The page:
Holy Week begins Sunday, with the observance of Palm Sunday. So Lent is winding down. I always begin the season of Lent hoping that I will learn something about myself and God, and that is part of the season's purpose - -repentance, turning from what has grown old, toward what is being made new, becoming aware of ourselves as beloved, forgiven children of God. So even if we come to this place not having been very "good" about whatever our Lenten discipline was, or having been too busy or stressed to notice the season the way we'd like to, or have in other years, there is still grace here just in the call to daily faithfulness. Moving into Holy Week, that's what I'm thinking about: faithfulness. Showing up for the rituals as they are available, and paying attention to the stories. Every year, the story of Jesus' Passion and Resurrection has something new to tell me, if I will listen. I am praying for the grace to listen, on the journey to the Cross and beyond. To figure out what it is that I need to bring to the Cross this year, and to bring it with quiet honesty, trusting in the mystery of love that this season is about.
"Faithfulness," says Evelyn Underhill, "is consecration in overalls." At some point --many points --we have said, "thy kingdom come," and offered ourselves as participants in God's dream. That is consecration. Faithfulness is the daily, practical doing of the work that lies before us on any given day, and attending to the divine presence in that work, even where it seems unlikely: in the uncongenial job or the ordinary task that I'd rather not do as well as in the surprising opportunities that present themselves, when least expected, to be the presence of God for someone who needs it. In the difficult choices and the routine tasks and assignments, which ask for the best we can offer (not perfection, necessarily, but the best we can offer), there are opportunities for faithfulness. And we begin again each day. Even with Lent winding down, there is still time to remember this.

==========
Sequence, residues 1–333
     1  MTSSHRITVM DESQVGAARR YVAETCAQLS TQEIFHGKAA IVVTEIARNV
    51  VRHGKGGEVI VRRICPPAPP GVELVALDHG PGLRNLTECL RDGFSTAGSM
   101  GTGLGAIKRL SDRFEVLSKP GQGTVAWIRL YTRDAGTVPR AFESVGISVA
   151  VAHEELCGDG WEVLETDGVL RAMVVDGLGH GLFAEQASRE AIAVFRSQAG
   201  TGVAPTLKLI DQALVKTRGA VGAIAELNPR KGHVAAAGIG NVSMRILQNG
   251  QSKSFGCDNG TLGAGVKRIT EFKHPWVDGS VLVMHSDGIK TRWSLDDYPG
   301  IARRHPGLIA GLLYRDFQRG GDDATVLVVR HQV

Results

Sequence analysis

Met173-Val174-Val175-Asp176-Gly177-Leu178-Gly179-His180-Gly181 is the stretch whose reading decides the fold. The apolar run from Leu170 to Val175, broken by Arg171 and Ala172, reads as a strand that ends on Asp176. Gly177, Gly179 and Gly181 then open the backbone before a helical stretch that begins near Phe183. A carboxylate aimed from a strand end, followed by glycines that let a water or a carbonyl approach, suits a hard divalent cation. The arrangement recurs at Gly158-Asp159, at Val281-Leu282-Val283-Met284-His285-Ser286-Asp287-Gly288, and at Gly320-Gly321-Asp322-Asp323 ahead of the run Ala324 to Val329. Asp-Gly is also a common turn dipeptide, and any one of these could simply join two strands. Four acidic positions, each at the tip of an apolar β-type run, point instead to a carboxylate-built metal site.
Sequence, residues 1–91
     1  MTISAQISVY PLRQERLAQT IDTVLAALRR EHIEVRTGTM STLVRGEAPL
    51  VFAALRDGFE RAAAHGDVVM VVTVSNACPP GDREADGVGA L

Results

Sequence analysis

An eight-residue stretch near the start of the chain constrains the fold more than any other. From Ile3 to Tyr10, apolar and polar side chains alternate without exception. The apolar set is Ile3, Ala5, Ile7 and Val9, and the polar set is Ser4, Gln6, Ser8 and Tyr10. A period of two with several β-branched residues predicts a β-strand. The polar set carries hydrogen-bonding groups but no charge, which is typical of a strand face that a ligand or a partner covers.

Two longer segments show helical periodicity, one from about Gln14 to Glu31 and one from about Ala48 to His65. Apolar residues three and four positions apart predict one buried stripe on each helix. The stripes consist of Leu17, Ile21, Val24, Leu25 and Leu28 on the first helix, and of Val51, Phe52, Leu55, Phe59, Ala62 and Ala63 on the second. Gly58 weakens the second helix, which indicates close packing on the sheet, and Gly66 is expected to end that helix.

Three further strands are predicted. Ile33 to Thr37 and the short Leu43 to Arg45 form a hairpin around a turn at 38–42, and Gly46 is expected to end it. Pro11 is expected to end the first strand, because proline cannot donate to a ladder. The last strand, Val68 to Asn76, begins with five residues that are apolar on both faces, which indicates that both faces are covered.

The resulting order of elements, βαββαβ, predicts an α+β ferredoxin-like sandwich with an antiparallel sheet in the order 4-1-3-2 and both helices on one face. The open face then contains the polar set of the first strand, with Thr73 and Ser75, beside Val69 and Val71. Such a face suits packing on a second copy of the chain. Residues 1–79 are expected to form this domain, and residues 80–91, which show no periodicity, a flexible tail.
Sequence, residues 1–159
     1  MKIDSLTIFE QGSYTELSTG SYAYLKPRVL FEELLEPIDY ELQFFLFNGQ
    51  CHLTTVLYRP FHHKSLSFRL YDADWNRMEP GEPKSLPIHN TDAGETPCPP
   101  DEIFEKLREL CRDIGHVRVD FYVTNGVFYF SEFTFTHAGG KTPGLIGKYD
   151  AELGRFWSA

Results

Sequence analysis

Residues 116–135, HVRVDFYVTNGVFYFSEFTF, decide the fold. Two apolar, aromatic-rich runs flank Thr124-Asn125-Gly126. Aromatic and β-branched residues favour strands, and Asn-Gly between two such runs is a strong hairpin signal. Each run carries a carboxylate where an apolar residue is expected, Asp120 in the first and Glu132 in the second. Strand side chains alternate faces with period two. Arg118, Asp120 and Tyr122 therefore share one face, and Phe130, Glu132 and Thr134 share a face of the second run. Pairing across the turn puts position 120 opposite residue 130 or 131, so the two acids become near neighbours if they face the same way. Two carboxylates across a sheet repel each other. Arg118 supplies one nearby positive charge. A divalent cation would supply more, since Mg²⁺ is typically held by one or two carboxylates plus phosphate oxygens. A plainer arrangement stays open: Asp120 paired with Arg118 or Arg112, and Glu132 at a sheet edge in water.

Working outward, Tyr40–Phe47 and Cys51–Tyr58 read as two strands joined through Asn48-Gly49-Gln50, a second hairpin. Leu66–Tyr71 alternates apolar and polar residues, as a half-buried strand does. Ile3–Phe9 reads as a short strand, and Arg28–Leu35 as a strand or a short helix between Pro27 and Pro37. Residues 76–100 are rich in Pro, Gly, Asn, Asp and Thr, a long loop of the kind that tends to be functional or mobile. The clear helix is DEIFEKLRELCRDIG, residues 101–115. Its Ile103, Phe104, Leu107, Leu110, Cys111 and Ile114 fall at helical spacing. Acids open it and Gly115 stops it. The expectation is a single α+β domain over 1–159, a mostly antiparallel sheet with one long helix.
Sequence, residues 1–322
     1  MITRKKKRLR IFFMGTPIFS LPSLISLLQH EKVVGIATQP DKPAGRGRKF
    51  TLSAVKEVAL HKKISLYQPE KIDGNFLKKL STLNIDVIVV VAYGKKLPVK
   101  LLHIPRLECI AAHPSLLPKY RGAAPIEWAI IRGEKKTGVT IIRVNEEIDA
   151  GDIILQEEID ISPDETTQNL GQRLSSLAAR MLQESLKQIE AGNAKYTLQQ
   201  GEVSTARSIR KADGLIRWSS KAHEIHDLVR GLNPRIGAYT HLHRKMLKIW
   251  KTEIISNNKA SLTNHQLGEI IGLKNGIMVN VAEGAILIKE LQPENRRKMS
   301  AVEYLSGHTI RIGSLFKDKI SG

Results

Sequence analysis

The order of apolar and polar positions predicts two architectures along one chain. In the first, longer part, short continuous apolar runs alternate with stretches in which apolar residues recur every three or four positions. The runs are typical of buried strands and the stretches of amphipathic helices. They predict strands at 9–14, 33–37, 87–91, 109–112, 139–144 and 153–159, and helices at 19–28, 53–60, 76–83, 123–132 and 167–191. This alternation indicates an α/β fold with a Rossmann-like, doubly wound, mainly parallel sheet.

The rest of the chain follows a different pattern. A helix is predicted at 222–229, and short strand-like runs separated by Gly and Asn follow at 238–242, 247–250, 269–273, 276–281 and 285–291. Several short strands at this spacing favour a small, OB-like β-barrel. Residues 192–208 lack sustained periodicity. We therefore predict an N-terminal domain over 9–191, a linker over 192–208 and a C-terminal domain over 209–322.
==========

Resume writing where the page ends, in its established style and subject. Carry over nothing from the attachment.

- Kathleen Henderson Staudt
- I work as a teacher, poet and spiritual director at a number of institutions in the DC area. My teaching focuses in various ways on writing, poetry, Spirituality and Christian vocation and ministry - especially from the point of view of the laity. I also offer classes and retreats encouraging people to explore their inner lives, engage their creativity and reflect on their beliefs about God, vocation, and how we can discern and pursue new ways to transform our broken world. I enjoy speaking of faith in the secular academy as well as reminding those preparing for ministry in the Church that our primary purpose is to love and serve the world beyond the church's doors. I love helping people to grow in faith and to find their own voices, and I also love encouraging them to use their minds. I see no contradiction between these impulses, believing as I do that faith, reason and creativity work together.